NorCal musican/humorist Adam Balbo just released Fix, his excellent and umpteenth album. Featuring instant classics like “The Girl at My Pity Party” and the tongue-in-cheek “Obligatory Highway Analogy” (MP3), the album sounds like a cross between Bob Dylan and Mason Jennings, but is set apart by Balbo’s drier-than-bone wit. As a service to our readers, we commissioned Fancy Dan of The Fancy Dan Band to interview the self-aware, self-deprecating musician. Balbo’s insights about Legos, mosquito-shooting lasers, and how to invite someone to be in your porno can be found below. Continue reading
In anticipation of his surprise new album Together Through Life (out April 21), smart-crazy (crazy-smart?) coot Bob Dylan talks to the TimesOnline. In the interview, he touches upon Barack Obama, U.S. Grant, and Civil War ghosts, among other things.
Well, a number of things [have struck me about Obama]. Heâ€™s got an interesting background. Heâ€™s like a fictional character, but heâ€™s real. First off, his mother was a Kansas girl. Never lived in Kansas though, but with deep roots. You know, like Kansas bloody Kansas. John Brown the insurrectionist. Jesse James and Quantrill. Bushwhackers, Guerillas. Wizard of Oz Kansas. I think Barack has Jefferson Davis back there in his ancestry someplace. And then his father. An African intellectual. Bantu, Masai, Griot type heritage–cattle raiders, lion killers. I mean itâ€™s just so incongruous that these two people would meet and fall in love. You kind of get past that though. And then youâ€™re into his story. Like an odyssey except in reverse.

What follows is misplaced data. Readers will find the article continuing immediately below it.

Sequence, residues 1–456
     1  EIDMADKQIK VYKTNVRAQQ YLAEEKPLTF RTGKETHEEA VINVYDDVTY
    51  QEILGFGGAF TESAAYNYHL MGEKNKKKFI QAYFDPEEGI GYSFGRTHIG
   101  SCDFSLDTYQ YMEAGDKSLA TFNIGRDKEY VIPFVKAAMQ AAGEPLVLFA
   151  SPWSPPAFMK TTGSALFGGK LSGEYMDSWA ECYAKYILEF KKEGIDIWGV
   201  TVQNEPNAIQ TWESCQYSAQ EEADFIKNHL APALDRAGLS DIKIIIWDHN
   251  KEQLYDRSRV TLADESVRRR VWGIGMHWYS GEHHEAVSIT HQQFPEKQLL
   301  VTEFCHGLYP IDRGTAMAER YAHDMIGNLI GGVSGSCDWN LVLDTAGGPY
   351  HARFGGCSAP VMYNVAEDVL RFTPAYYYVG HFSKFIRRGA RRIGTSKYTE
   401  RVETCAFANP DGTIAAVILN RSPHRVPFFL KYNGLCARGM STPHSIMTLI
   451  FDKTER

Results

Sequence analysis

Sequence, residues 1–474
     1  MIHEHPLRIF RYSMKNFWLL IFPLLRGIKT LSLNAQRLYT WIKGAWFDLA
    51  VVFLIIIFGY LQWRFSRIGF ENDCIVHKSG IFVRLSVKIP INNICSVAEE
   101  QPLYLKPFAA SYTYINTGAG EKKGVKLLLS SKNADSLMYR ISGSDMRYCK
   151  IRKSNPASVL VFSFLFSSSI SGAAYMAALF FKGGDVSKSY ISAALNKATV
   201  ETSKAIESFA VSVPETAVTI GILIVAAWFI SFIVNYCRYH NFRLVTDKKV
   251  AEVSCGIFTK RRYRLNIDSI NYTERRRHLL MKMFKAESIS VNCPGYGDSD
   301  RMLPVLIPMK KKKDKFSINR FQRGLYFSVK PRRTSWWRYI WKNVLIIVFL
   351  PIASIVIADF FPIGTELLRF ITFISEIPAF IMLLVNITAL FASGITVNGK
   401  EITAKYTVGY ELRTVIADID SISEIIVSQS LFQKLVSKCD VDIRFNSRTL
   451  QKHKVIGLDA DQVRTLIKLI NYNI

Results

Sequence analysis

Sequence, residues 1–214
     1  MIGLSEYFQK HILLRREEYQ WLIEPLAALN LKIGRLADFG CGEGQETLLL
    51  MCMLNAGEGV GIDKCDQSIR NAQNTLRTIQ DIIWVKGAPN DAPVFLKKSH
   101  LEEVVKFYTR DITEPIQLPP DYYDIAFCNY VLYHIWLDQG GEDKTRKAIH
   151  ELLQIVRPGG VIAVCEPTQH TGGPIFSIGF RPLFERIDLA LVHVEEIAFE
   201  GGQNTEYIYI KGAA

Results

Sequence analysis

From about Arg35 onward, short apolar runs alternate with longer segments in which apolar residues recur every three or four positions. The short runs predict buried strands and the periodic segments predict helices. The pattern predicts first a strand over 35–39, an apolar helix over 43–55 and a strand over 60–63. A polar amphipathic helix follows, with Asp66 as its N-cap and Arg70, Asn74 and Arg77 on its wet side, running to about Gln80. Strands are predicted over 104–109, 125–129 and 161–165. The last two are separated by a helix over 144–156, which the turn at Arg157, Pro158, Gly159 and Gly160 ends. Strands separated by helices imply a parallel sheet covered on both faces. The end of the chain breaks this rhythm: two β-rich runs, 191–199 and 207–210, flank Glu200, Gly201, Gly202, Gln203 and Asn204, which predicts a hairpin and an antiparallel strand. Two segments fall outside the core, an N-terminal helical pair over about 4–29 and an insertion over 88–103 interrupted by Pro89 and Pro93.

Bob Dylan – “Mississippi” from from Tell Tale Signs: the Bootleg Series Vol. 8, out October 7.
This excellent, sparse version of “Mississippi” is available free for a limited time, so get it while you can.
It’s well worth the hassle of downloading Amazon’s MP3 store app. Your download experience should be hassle-free.
I’m Not There kind of depends on the fact that any straightforward Bob Dylan biopic wouldn’t live up to expectations, and director Todd Haynes has lovingly exploited that fact by making a film so deliberately obtuse that it’s hard to actually criticize.